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The Attestation Clause

The attestation clause is perhaps the most important part of any will – yet the majority of people don’t know exactly what it is. At least, not when it is called by its proper name (although once it is explained it is likely that everyone would be aware of it).

The attestation clause is usually the last thing to be written in a will, apart from the testator’s signature. It is the final proof that the will is correct, genuine, and was written in the right way. They date back to the 1940s, and since then such a clause must be present on every will in order for it to be considered satisfactory.

So what is the attestation clause? It is the part of the will that promises that:

a)    the testator wrote the will without any duress or coercion

b)    the testator was in good mental health (sound mind) when the will was written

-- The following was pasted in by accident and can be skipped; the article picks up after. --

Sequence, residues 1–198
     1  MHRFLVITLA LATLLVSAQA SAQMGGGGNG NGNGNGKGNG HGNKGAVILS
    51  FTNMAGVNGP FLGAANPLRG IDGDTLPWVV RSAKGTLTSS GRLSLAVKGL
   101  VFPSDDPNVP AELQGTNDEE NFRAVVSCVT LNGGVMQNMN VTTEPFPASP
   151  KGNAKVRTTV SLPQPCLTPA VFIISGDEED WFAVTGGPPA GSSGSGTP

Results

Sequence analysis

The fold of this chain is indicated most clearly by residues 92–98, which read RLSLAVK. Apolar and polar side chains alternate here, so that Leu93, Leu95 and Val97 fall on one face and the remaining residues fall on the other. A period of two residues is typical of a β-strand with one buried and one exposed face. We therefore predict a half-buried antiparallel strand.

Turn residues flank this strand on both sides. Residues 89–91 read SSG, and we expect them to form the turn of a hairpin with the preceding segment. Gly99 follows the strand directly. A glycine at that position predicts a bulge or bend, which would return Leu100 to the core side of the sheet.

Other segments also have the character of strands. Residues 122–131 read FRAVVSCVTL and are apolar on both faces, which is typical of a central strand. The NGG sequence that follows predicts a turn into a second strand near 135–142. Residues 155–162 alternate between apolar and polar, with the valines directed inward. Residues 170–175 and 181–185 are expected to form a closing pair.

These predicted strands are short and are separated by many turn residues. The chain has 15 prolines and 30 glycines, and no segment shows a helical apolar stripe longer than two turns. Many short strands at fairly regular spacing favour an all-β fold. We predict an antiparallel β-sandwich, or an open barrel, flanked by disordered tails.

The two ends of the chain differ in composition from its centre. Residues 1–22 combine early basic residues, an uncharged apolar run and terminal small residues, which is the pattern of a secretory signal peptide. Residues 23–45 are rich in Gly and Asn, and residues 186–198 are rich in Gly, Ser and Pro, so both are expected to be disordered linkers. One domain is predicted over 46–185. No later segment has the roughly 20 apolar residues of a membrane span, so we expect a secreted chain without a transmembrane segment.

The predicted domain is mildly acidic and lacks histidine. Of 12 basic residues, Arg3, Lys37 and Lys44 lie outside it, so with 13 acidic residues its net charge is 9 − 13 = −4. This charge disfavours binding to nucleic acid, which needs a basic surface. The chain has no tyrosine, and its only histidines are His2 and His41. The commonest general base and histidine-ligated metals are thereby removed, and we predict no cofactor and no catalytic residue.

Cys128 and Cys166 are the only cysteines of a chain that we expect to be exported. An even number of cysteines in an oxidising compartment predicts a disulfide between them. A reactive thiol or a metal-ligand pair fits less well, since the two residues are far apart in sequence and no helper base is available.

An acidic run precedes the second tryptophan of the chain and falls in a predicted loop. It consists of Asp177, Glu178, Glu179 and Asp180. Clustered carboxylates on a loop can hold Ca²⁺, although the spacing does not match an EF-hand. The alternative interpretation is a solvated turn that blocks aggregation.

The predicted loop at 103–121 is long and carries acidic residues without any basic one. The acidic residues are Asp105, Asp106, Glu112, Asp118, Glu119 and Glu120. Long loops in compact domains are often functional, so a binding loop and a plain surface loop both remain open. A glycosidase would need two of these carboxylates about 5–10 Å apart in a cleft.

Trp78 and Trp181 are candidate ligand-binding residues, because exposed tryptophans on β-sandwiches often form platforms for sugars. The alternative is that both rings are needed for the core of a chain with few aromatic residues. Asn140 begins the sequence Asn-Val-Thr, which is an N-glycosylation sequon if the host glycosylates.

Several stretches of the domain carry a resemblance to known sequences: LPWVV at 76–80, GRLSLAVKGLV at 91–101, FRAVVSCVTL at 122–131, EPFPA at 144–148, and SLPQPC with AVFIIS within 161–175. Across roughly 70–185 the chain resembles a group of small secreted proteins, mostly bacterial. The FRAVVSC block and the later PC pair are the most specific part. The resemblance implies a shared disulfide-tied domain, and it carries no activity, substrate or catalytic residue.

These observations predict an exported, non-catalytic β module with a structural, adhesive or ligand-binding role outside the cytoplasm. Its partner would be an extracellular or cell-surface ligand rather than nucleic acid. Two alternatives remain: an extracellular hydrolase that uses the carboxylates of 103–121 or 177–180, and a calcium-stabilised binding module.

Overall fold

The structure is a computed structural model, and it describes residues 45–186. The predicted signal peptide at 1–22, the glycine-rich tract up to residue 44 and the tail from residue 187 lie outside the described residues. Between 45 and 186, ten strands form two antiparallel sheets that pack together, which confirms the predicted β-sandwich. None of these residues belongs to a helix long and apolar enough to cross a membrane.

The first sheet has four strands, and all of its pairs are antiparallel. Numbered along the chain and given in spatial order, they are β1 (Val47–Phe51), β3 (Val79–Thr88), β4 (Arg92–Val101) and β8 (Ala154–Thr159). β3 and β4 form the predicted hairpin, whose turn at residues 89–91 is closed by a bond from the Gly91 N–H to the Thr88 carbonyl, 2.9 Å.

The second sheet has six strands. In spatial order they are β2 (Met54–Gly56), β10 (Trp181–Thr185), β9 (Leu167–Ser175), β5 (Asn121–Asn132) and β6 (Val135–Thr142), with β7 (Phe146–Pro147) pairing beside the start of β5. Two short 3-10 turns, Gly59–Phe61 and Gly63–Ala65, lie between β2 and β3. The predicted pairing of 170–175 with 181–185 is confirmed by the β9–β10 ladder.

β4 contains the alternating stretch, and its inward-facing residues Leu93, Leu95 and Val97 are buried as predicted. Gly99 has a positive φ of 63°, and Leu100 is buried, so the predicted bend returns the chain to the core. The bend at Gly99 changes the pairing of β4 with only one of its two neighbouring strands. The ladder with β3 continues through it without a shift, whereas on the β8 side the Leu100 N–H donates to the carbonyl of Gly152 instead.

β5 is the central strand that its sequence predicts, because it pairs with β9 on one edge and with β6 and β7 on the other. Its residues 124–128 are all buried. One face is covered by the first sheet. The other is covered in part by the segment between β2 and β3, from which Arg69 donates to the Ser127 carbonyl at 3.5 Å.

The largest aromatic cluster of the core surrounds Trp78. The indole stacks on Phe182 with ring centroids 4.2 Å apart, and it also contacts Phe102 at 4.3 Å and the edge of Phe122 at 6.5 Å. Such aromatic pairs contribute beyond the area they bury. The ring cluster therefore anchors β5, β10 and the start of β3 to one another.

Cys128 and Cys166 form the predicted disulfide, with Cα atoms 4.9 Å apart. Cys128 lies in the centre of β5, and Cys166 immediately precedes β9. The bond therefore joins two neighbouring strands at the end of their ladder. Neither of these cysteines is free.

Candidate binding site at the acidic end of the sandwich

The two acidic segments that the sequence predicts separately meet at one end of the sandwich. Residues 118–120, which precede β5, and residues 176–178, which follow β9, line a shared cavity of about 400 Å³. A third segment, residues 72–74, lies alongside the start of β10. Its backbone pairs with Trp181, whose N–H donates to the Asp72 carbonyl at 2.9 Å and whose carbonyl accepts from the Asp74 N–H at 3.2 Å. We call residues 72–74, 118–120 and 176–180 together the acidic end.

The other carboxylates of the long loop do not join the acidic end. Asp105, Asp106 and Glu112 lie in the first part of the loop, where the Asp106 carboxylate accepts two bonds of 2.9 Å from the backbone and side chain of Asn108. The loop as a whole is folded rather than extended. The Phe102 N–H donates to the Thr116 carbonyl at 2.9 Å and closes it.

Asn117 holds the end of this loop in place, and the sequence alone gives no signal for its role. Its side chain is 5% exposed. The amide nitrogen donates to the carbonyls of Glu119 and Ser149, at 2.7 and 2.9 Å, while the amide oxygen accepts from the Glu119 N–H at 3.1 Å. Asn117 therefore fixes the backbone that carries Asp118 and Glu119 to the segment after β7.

c)    the will was witnessed and that the witnesses signed the will

d)    that the signature is the testator’s

e)    that the testator was at least 18 when the will was completed (or was a member of the armed forces)

If the will is written without the attestation clause, it is essential that either a new will is made immediately (this can be a copy of the original will, but with the attestation clause added to it), or a codicil is added to the original will that includes the attestation clause. This second option is much easier, and much less time consuming that writing an entirely new will.

If the will is found not to have the attestation clause on it once the testator dies, then it will be found to be invalid. It will be contested or challenged, and the estate may well become intestate.

If you need help ensuring that the attestation clause is in your will, or you wish to add the clause to an existing will, then just contact us – we can help.




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